Running themes throughout conversations touch upon language and clothing as a means of self-expression and describing how the inability to speak one’s native language can produce an intense feeling of displacement. However, it is perhaps these disjointed gaps which enable children of the diaspora to look inward and create their own spaces of identification, spaces that are fiercely personal and unashamedly bold.

For Mia Watanabe (Trinity College, Third Year), wearing her haori, a piece of traditional Japanese clothing, is a small but profound statement on her autonomy as a mixed-race queer woman and gives her comfort in navigating the complexity of intersectionality. “Being both ha-fu (a Japanese term for half-Japanese people) and being bi-sexual often places me in a social category of double-negation. I am neither Japanese, nor not-Japanese; neither British, nor not-British; neither exclusively attracted to people of the same gender (as myself), nor not exclusively attracted to people of the same gender”. She recounts having tried to to embrace this double-negation for many years, in the hope of gaining a position of acceptance by those around her, both in Japan and in the UK. However, it is precisely in letting go of trying to grasp a socially accepted identity in both countries that she has found contentment in this affirmative third space, a third space occupied by her, and solely her.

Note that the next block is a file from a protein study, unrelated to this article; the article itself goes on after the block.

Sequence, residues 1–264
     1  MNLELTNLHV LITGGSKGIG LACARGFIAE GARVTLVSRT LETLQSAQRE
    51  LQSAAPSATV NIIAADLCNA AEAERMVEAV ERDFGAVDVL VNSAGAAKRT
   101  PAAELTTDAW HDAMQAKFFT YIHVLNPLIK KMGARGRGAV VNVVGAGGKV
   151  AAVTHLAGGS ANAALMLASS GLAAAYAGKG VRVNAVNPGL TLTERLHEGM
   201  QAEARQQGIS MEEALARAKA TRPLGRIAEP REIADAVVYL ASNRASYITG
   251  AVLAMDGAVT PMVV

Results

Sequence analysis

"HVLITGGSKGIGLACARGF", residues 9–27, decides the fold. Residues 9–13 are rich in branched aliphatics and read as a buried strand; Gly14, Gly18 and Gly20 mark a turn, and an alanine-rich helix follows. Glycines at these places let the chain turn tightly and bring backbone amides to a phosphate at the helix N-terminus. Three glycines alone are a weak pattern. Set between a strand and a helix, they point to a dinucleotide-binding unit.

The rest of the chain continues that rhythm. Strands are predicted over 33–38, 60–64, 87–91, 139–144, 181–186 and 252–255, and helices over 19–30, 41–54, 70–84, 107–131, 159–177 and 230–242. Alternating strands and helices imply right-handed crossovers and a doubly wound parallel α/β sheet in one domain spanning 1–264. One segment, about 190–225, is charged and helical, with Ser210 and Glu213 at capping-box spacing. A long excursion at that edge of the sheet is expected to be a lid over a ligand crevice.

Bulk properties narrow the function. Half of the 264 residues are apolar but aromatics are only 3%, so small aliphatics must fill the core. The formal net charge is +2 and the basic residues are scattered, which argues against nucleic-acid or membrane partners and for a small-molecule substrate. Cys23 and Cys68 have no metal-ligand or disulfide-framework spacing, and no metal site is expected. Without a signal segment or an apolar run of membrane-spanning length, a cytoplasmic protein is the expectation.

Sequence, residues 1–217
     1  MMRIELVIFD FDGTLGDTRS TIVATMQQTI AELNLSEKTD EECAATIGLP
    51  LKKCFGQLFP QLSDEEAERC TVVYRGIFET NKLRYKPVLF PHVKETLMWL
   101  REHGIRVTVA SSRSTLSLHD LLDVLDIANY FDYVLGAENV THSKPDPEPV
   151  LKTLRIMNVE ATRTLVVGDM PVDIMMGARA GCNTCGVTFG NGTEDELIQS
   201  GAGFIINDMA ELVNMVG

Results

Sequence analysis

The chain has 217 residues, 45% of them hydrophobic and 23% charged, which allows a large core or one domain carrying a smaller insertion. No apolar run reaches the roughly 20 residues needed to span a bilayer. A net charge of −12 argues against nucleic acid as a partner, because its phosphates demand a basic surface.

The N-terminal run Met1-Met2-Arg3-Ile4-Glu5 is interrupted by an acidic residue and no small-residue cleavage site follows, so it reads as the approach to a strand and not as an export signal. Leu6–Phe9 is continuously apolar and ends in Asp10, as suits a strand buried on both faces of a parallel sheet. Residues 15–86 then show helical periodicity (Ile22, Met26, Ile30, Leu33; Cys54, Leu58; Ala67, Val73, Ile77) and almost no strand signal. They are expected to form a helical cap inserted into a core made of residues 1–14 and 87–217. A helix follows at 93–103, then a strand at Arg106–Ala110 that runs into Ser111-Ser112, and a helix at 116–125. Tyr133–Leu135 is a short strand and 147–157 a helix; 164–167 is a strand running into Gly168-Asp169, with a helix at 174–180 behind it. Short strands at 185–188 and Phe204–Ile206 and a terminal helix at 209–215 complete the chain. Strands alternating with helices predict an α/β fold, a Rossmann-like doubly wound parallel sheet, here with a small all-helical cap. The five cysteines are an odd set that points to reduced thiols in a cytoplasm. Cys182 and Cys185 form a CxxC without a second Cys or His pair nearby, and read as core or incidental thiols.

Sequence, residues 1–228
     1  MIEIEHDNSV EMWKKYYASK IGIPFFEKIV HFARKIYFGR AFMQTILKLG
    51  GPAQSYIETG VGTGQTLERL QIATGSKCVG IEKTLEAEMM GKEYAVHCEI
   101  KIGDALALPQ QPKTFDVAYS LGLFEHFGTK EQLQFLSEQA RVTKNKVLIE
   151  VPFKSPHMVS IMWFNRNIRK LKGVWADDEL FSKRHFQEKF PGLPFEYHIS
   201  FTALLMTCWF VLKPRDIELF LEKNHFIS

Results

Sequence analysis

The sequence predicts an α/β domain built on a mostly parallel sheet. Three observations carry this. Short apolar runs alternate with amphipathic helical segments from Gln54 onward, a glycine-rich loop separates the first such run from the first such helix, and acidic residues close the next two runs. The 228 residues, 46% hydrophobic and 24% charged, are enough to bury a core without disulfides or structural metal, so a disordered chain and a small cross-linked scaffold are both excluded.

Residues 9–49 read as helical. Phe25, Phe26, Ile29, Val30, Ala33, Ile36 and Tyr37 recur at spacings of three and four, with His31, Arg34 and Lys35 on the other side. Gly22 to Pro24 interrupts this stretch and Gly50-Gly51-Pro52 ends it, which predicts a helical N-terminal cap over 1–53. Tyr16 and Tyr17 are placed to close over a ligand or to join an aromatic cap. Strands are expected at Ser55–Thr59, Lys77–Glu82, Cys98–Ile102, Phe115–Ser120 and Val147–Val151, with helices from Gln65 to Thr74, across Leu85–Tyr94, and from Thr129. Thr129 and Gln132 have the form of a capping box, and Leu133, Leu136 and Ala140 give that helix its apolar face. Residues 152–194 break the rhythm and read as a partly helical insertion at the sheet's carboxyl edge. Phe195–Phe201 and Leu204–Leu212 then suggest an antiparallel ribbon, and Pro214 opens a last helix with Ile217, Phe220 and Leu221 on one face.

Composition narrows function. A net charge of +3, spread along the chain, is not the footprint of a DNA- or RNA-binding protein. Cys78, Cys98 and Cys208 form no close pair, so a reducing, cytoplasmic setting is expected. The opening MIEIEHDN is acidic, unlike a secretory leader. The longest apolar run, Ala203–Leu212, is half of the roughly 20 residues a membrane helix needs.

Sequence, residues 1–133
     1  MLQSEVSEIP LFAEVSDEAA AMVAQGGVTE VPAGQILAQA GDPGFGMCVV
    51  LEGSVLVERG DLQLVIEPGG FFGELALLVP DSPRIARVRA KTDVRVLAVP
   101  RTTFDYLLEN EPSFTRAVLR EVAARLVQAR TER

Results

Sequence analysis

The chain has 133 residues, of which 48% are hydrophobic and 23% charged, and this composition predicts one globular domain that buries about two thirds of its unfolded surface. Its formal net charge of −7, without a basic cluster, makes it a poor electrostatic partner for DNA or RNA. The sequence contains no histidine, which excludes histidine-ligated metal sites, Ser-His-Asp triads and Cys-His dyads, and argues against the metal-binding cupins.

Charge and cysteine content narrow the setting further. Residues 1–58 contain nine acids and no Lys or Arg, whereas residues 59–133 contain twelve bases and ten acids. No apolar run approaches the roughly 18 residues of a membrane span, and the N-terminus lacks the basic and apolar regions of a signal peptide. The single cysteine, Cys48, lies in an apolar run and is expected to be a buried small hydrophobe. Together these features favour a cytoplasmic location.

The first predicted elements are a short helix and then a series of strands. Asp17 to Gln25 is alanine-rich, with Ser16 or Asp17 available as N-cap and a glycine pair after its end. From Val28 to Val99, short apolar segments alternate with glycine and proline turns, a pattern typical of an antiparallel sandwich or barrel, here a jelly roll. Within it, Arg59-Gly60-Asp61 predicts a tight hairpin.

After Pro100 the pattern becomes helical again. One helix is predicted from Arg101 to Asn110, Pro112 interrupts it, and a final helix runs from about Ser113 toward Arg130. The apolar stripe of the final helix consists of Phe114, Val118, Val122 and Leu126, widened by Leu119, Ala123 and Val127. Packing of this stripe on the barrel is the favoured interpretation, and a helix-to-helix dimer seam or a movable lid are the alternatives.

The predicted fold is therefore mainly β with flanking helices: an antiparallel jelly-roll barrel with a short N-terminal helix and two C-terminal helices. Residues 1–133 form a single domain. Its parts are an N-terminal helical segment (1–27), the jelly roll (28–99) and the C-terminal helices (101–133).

Mishal Bandukda wearing a sari blouse paired with traditional jewellery SARIKA DATTA

Similarly, Mishal Bandukda (Sidney Sussex College, Third Year) of British-Pakistani descent likens third space to a haven of solace for those who “fall between the gaps”, confiding how the exhibition emerged at a time when she truly needed it. Depicted above wearing a necklace constructed of intricate Sindhi metal and bead work, she explains it was the first piece of traditional jewellery she bought with the intention of pairing with Western clothing, regardless of the binary juxtaposition the combination initially appeared to create. “I thought of it as cool rather than embarrassing to wear; it’s a symbol of how far I’ve come in combatting internalised shame about my heritage”.